Googling around I have found that people connect 3.3V sensors to 5V Arduinos without level shifters, how can that be? All cases without level shifter I found used I2C. Do I need level shifters only for SPI? Does that somehow have to do with I2C pullup resistors? A 3.3V high signal from a sensor will be recognized as a high on the Arduino, but how reliable is that? Going from the Arduino to the sensor I would fear that a 5V high from the Arduino would damage an input on a sensor chip. In particular I want to connect the Decawave DWM1000 and the MPU9250 to Arduino. The datasheets say that 5V is not okay on the inputs. I have this breakout board which seems to have a voltage regulator to supply the 3.3V to the MPU9250, but do I need to use level shifters to connect this to an Arduino? Ebay-Artikel Nr. 181955388388 Are certain level shifter preferable to others for SPI? Schmidt triggers?
I recommend the application note AN97055
ab0032 wrote: > Do I need level shifters only for SPI? > Does that somehow have to do with I2C pullup resistors? I²C uses pull-up resistors to define the high level, but this still means that all devices on the bus use the same high level. If the devices require different signal levels, all connections/buses need level shifters. > A 3.3V high signal from a sensor will be recognized as a high on the > Arduino, but how reliable is that? A CMOS input switches at a threshold voltage, which is typically guaranteed (for VCC = 5 V) to be somewhere between 1.5 V and 3.5 V. So to switch reliably, the high level of the signal would have to be at least 3.5 V. In practice, the actual threshold voltage is likely to be near the middle (2.5 V), so it's likely to work. But "likely" is not "guaranteed". And a voltage that is not near GND or VCC can increase the power consumption greatly. > Going from the Arduino to the sensor I would fear that a 5V high from > the Arduino would damage an input on a sensor chip. There are inputs that are 5V tolerant. (If that were the case, it would be documented in the datasheet.) If the input is not 5V tolerant, connecting a 5V signal is likely to burn out the ESD protection diodes and probably other components (if the source can supply enough current). Unidirectional downshifting can be done with a simple voltage divider (if the speed does not need to be too high).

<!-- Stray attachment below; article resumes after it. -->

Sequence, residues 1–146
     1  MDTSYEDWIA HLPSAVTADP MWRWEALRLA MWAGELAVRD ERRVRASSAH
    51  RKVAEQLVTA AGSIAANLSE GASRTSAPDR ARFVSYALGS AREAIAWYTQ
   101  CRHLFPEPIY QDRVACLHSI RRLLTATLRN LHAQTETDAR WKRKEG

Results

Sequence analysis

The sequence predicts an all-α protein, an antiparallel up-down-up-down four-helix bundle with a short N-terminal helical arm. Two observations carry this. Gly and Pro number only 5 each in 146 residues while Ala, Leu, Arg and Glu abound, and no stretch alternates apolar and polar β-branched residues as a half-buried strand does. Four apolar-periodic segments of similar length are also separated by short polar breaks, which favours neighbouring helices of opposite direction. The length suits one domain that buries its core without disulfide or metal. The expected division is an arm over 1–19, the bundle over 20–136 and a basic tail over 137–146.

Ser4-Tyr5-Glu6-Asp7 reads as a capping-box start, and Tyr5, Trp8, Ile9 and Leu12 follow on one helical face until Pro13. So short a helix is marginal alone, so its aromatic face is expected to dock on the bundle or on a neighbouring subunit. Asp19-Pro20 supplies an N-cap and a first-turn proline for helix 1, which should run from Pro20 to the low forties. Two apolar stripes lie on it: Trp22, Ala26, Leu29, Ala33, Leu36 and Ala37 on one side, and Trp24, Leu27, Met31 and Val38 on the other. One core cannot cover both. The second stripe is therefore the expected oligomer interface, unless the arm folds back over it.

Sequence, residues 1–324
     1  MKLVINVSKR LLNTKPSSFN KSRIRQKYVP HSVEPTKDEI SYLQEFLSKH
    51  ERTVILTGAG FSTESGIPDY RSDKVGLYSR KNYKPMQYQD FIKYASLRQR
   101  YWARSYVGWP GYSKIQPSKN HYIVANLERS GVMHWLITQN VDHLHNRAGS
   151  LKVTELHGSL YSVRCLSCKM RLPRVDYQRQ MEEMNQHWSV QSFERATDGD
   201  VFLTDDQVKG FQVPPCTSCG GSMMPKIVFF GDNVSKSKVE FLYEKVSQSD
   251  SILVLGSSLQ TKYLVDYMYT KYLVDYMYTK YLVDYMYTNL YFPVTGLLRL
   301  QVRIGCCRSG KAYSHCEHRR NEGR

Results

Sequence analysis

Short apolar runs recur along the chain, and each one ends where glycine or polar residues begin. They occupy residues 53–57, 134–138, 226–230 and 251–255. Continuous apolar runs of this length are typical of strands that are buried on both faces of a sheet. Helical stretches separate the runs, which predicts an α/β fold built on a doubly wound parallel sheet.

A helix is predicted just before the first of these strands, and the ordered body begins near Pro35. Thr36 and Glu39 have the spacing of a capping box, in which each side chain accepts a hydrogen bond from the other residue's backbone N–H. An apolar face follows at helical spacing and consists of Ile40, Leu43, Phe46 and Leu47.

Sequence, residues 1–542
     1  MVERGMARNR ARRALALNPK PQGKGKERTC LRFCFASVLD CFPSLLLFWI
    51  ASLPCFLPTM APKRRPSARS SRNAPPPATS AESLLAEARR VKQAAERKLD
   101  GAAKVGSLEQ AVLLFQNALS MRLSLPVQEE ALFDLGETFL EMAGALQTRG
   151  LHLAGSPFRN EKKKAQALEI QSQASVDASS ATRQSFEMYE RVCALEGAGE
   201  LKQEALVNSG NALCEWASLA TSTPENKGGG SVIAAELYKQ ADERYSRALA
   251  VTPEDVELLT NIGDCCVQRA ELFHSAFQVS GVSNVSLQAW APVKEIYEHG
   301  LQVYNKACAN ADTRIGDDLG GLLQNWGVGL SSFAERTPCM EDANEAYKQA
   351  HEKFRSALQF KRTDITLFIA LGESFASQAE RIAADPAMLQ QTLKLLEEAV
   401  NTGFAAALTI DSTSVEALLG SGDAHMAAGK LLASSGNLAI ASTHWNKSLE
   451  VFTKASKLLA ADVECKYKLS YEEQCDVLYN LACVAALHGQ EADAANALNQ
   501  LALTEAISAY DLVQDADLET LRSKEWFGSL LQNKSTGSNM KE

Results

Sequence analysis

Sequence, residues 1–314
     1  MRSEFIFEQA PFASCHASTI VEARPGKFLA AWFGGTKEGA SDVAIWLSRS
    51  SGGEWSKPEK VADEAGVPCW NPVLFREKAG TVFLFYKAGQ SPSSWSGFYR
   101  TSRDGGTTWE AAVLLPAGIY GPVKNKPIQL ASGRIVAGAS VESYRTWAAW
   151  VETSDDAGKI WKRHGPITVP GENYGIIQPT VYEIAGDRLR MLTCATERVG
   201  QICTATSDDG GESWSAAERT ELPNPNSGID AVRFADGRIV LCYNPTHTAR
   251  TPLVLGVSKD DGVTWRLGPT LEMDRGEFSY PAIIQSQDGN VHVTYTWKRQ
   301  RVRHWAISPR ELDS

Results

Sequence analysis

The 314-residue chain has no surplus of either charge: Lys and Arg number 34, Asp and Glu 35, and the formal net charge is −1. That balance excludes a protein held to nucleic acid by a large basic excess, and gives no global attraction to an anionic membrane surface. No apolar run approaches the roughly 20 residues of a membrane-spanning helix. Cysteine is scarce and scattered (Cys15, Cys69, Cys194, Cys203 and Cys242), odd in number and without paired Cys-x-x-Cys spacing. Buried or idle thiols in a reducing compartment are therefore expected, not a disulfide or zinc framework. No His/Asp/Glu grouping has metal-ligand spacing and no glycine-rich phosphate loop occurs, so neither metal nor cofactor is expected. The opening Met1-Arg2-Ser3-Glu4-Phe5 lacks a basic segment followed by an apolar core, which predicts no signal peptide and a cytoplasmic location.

: Edited by User
Thank you both for the answers.That clarifies matters for me. So if I briefly summarize this, please correct me if I am wrong, I should use level shifters between 5V and 3V devices. For SPI I need 4 unidirectional level shifters and for I2C I need two bidirectional level shifters. The level shifting from the application notes AN97055 suggests using mosfets with a switching time of less than 50ns for I2C. Would that also work for SPI or would that be too slow? Since the level shifting for SPI is directional, I could use both directional and bi-directional level shifters, right? Are Schmidt triggers a recommended way for directional level shifting? Or devices like the 74LVC245 with a delay of less than 17ns ( https://cdn-shop.adafruit.com/datasheets/sn74lvc245a.pdf )? Is there some preferred way to do level shifting if I design my own breakout board? For playing around on a breadboard it does not really matter, so I can use more or less any $1 to $2 level shifter I can get on ebay, as long as it is fast enough, right?